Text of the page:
Section 64.1190 of our rules permits local service providers to offer subscribers the option of requesting a preferred carrier “freeze” as an additional measure of protection against unauthorized carrier changes. (47 CFR 64.1190.) With such a freeze in place, the subscriber is assured that his or her preferred carrier will not be changed without the subscriber's express consent. As discussed above, the Streamlining Order required the acquiring carrier to inform subscribers in advance that they will be transferred to it if they do not select a different preferred carrier before the transfer date. In addition, the subscriber notice must state that existing preferred carrier freezes on the service(s) involved in the transfer will be lifted, and that customers who wish to have freeze protection after the transfer must contact their local service providers to obtain this service.Start Printed Page 12609
SBC requests that the Commission modify its rules such that, to the extent mechanized processes or other methods allow LECs to effect the transfer without lifting the freeze, LECs would not be required to lift preferred carrier freezes on services involved in a carrier-to-carrier transfer. SBC states that mechanized processes exist that allow local service providers to transfer a subscriber base with freeze protection on some accounts by bypassing the freeze rather than actually lifting it. In such cases, SBC contends that the acquiring carrier should only be required to inform affected subscribers that their existing freeze protections will remain in place after the transfer.
SBC claims that this proposed modification will permit carriers to effectuate carrier-to-carrier transfers as efficiently as possible. Sprint opposes SBC's proposal, noting that it would require customers to determine on their own whether their preferred carrier freezes were still in place, which would be contrary to the underpinnings of the rules governing preferred carrier freezes: “the customer—and not the LEC—should decide whether to freeze his/her service account with the acquiring carrier.”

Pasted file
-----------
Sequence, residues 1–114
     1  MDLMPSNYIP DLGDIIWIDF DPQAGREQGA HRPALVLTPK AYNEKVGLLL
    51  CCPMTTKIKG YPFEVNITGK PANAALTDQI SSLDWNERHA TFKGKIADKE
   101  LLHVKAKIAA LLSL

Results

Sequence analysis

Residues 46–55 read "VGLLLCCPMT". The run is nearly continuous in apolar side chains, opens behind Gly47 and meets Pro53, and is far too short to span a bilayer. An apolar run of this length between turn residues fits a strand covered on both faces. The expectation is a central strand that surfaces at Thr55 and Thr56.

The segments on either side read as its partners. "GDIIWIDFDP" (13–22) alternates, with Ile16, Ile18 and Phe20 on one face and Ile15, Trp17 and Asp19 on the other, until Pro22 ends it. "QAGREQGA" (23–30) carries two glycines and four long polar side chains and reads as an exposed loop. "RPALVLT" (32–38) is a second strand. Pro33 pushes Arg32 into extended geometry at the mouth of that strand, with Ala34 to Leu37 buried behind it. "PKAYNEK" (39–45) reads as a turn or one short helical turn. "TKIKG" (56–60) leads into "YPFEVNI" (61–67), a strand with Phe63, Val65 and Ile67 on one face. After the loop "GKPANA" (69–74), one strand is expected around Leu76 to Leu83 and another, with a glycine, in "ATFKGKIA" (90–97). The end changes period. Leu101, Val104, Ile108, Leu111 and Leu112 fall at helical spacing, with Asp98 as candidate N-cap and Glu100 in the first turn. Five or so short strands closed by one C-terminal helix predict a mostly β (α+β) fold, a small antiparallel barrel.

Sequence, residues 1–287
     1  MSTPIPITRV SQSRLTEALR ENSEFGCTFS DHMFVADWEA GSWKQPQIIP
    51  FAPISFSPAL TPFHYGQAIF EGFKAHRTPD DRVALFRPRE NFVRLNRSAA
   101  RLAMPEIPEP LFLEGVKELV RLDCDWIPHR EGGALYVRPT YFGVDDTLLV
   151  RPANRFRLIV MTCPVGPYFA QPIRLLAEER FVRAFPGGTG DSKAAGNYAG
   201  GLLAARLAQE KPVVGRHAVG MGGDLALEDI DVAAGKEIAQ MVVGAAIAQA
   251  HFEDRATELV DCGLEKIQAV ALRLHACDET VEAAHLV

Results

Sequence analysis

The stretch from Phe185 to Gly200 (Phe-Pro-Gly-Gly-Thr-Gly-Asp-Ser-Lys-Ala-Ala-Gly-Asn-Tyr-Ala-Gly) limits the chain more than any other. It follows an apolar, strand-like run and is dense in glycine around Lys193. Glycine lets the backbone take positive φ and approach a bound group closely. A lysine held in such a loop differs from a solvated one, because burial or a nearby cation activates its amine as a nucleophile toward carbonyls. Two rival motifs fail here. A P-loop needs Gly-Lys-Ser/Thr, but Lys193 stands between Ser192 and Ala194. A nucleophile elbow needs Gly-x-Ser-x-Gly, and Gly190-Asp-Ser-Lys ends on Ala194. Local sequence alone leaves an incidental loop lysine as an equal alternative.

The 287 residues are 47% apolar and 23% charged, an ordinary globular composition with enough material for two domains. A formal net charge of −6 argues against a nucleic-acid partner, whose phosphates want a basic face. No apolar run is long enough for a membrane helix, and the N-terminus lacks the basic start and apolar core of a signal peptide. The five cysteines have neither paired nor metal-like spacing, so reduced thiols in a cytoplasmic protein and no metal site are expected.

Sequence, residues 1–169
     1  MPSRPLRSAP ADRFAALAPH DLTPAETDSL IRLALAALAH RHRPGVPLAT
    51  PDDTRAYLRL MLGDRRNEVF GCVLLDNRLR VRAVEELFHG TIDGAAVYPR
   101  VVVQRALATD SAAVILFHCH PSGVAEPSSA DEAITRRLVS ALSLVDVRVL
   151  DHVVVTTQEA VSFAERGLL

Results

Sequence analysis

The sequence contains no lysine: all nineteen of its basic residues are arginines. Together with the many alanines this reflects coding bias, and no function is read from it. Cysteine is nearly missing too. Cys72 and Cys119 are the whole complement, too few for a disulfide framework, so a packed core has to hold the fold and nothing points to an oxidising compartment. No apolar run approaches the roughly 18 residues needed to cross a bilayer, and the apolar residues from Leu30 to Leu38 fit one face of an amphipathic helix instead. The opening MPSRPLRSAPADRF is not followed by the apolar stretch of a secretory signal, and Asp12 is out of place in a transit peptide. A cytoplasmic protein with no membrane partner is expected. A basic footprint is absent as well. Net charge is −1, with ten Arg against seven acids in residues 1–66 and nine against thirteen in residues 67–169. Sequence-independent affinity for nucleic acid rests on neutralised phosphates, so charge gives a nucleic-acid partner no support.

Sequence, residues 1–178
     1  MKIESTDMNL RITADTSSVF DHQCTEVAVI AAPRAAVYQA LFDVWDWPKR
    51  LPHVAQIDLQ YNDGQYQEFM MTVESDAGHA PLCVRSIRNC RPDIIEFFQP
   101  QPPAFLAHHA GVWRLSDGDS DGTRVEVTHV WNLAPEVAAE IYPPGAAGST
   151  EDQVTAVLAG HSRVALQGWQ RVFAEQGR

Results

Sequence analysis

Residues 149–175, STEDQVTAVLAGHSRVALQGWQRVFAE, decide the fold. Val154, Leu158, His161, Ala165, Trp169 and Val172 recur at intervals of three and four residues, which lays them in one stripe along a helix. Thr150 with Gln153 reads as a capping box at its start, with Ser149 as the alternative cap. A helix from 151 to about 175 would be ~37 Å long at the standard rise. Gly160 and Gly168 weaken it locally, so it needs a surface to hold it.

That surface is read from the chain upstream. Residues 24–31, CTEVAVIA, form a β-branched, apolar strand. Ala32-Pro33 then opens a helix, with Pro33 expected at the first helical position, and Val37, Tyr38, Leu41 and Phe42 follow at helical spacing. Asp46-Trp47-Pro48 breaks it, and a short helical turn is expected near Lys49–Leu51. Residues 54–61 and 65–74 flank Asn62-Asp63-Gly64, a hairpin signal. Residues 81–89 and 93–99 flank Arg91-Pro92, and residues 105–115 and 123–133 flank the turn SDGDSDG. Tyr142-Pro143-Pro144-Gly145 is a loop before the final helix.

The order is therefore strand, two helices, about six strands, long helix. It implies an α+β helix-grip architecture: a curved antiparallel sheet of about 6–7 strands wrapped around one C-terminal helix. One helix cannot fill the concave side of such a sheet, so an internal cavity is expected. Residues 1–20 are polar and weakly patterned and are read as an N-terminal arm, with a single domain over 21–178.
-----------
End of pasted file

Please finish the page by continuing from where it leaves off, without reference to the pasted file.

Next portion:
We decline to modify the rules as SBC suggests. Although SBC represents that it has implemented a mechanized process in “several of its operating companies,” it does not provide any indication of how commonly used or reliable such mechanized processes are. It is thus unclear what impact the proposed modification would have—i.e., whether it would address a significant problem for LECs or whether it might create headaches for subscribers should the mechanized process fail in some way. As noted in the Streamlining Order, in the event of a sale or transfer of a subscriber base, a subscriber with a freeze could be left without presubscribed service when the selling or transferring carrier ceases to provide service, if that customer failed to give consent to lift the freeze and thus was not automatically switched to the acquiring carrier. We continue to believe that, under such circumstances, it is preferable to permit the transfer of such a subscriber to the acquiring carrier, after adequate advance notice, rather than risk having the subscriber lose presubscribed service altogether. We believe that it is appropriate to ensure that subscribers with preferred carrier freezes in place do not lose presubscribed service even if they fail to respond to notice of an impending carrier change.